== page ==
Recently, Endress and Doyle43 reconstructed the angiosperm phylogeny using a morphological data set composed of 110 characters, and they proposed that Ceratophyllaceae might be sister to Chloranthaceae (Fig. 1d). The topology with high support values uncovered here provides a new opportunity to examine the evolution of morphological characters. Compared with the minimum (775) steps required for the Endress and Doyle’s43 topology obtained by morphological analyses (Fig. 1d), 777 steps were needed for our best maximum likelihood (ML) tree (Table 2), suggestive of the strong agreement between our topology and the morphological data set, whereas 785 steps were required for the topology accepted by APG III (Fig. 1a), 10 more steps than the most parsimony one. The sisterhood of Chloranthaceae and Ceratophyllaceae was supported by six characters originated before their diversification (Fig. 5 and Supplementary Fig. 15) in the context of our topology. In contrast, only one (dry fruit wall) supported the alternative hypothesis of Ceratophyllaceae and eudicots being sisters43 and only the loss of cambium associated Ceratophyllaceae with monocots. The Chloranthaceae–Ceratophyllaceae sisterhood was also uncovered using other molecular data sets, albeit with low support values15,17,40. In addition, seven characters including absence of cambium (4), parallel major venation (17), boat-shaped pollen (61) and one cotyledon (110), originated before the origin of monocots but after the diversification of monocots from Mesodicots, enabling relatively easy differentiation between these groups (Fig. 5 and Supplementary Fig. 16) and consistent with the well-known distinctive morphologies of monocots. Two, three and nine morphological characters could be interpreted as novel before the origin of, respectively, the eudicots, Chloranthaceae and Ceratophyllaceae (Fig. 5 and Supplementary Figs 17–19). In contrast, no novel character was found for the magnoliids, providing an explanation for the previous idea that magnoliids were early angiosperms in classical taxonomy mainly according to morphological characters.

Figure 5: Estimated divergence times of Mesangiospermae and shared morphological characters.
Figure 5

(a) The estimated divergence time for each node is shown relative to the geological time scale below the cladogram. Numbers in the rectangles on some branches indicate the numbers of morphological characters shared by the corresponding lineages. (by) Plant photographs show the diversities of angiosperms; (Rosids: A. thaliana (b), Chaenomeles cathayensis (c), Wisteria sinensis (d), Juglans regia (e); Asterids: Coreopsis basalis (f), Solanum wrightii (g), Scutellaria baicalensis (h), Pharbitis purpurea (i); Chloranthaceae: Chloranthus japonicus (j), Hedyosmum orientale (k), Sarcandra glabra (l); Ceratophyllaceae: Ceratophyllum demersum (m); Magnoliids: Magnolia denudata (n), Aristolochiae heterophyllae (o), Houttuynia cordata (p), Chimonanthus praecox (q); Monocots: Paphiopedilum henryanum (r), Cocos nucifera (s), Hippeastrum rutilum (t), Setaira viridis (u); Basal angiosperms: A. trichopoda (v), Nuphar advena (w), Cabomba caroliniana (x), Schisandra sphenanthera (y).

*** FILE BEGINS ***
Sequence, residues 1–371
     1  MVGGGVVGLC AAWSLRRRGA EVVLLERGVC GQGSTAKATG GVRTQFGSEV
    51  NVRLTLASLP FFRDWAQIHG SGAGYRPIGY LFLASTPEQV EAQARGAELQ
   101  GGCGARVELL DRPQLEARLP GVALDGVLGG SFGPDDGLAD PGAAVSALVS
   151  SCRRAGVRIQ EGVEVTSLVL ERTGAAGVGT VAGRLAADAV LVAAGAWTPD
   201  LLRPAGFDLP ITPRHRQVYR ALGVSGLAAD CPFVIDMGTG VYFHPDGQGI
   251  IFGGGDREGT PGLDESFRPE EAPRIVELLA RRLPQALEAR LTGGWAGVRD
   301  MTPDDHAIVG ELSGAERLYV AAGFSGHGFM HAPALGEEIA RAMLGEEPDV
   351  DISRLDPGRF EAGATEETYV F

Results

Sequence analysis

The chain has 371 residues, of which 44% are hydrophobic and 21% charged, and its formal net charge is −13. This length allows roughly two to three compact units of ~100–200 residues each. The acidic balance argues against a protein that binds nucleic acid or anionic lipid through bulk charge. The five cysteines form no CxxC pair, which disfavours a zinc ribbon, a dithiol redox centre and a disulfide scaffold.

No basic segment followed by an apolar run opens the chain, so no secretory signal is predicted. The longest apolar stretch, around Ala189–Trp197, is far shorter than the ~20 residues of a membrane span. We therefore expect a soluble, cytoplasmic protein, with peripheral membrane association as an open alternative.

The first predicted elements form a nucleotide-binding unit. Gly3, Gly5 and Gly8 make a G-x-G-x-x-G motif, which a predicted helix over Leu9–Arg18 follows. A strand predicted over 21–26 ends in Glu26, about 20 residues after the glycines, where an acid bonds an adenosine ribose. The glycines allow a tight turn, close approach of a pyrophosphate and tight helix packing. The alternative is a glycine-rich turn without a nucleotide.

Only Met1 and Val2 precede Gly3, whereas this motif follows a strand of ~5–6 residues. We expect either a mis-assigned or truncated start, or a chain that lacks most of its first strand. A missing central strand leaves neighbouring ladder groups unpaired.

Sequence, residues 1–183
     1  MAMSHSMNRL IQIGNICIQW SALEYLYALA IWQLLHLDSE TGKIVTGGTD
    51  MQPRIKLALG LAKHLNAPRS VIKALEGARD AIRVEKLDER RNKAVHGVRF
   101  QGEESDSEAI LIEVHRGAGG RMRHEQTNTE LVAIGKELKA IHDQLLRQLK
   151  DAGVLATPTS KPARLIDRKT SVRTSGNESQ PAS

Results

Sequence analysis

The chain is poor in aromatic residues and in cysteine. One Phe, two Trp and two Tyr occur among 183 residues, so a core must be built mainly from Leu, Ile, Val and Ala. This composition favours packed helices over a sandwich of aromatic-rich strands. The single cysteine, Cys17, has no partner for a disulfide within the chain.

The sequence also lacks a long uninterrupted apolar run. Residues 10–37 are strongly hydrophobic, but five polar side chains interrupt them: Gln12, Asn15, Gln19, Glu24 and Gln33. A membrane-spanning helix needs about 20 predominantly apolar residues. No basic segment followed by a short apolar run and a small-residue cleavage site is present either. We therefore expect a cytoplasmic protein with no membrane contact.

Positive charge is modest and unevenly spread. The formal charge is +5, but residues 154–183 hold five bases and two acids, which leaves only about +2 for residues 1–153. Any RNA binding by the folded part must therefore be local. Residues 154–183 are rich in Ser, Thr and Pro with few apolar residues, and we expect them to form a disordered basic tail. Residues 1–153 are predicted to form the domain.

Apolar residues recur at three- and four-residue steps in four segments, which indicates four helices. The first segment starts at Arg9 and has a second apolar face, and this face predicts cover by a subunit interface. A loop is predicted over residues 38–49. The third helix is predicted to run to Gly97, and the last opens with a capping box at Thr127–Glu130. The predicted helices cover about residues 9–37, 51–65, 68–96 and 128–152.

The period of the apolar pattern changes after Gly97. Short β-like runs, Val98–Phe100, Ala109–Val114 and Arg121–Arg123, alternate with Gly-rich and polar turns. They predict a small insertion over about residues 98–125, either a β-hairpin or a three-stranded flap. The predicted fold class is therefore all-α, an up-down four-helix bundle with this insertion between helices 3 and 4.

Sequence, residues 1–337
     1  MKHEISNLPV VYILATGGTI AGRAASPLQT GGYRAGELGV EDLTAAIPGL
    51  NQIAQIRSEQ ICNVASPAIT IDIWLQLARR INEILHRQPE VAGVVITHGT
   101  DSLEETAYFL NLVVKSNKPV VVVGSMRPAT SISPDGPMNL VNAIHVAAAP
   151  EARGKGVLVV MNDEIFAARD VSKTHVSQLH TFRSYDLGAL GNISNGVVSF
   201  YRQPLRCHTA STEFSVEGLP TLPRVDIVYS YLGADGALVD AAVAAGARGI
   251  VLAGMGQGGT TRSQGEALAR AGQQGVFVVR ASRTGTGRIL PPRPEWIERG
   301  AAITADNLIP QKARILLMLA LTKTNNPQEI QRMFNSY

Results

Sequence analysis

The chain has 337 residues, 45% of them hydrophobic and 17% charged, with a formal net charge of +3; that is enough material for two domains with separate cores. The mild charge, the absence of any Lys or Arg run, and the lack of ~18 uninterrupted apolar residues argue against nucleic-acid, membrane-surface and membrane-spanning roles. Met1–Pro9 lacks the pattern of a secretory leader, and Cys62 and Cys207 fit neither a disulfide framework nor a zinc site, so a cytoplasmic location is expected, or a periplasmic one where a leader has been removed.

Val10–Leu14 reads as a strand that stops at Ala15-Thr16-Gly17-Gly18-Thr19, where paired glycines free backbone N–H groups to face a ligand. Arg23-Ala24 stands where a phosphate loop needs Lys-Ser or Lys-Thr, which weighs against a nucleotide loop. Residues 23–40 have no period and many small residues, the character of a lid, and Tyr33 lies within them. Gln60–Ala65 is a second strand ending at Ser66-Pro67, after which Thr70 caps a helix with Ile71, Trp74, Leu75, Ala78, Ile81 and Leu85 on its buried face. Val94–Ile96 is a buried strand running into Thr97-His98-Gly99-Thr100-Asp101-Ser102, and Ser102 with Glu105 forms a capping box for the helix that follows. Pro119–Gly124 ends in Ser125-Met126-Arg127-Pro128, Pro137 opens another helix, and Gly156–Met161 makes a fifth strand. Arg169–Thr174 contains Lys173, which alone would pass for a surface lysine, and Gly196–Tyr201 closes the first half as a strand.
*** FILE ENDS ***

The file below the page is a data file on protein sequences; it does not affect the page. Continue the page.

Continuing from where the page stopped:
The plicate and completely sealed postgenital carpel (75 and 76) (Supplementary Fig. 20) might have originated before the origin of mesangiosperms, which could have enabled mesangiosperm species to produce more seeds or better protect the developing seeds when compared with most ANITA species with only ascidiate and not postgenitally sealed carpels. On the other hand, in the context of the topologies obtained from morphological data (Fig. 1d) or plastid genome data sets (Fig. 1a), this morphological novelty would have originated not before but after the origin of mesangiosperms (Supplementary Figs 21 and 22). These differences suggest that the phylogenetic relationship is critical for inferring ancestral characters and the topology here provides a potential new framework to investigate the evolution of these and other morphological, developmental and physiological characters.

Possibly early origins of angiosperms and mesangiosperms

According to the well-supported mesangiosperm topology and other deep relationships, a framework is proposed for estimating the divergence times of angiosperms, particularly for the five mesangiosperm groups, providing possible geological contexts of their rapid radiation. In general, times inferred by r8s49 were somewhat earlier (~10 million years, hereafter Myr) than those obtained by BEAST50 and only small differences were detected when using different codon positions (Supplementary Table 6), suggesting that time estimations were robust to methodology and data used. The origin of angiosperm was estimated to be 225–240 Myr, that is, in the Late-to-Middle Triassic (Figs 5 and 6, and Supplementary Table 6), considerably earlier than the previously accepted 140–180 Myr21, but in agreement with those recently reported independently20,51. An earlier angiosperm origin further expands the large gap between the origin of angiosperm and the earliest undisputed angiosperm fossil found in Hauterivian52; thus, possibly the oldest crown angiosperm fossils are yet to be discovered. Recently, angiosperm-like pollen grains were found in the Middle Triassic, consistent with our hypothesis of earlier origin of flowering plants; however, such an early origin is still controversial because of the lack of unequivocal meso-macro fossils (for example, fossilized flowers) at that time53. The diversification of Mesangiospermae was estimated to have initiated in the Jurassic (154–191 Myr) (Figs 5 and 6, and Supplementary Table 6), ca. 60 Myr after the angiosperm origin, consistent with an early origin of Mesangiospermae tentatively proposed by Smith et al.20 and Magallon51, but earlier than the 144 Myr estimated using whole plastid genome data12. Since the origin of Mesangiospermae, during an ~20-Myr period (instead of the 4 Myr based on plastid genomes12), the five major groups diversified successively as indicated by the well-resolved topology here, making the radiation less rapid than previously thought.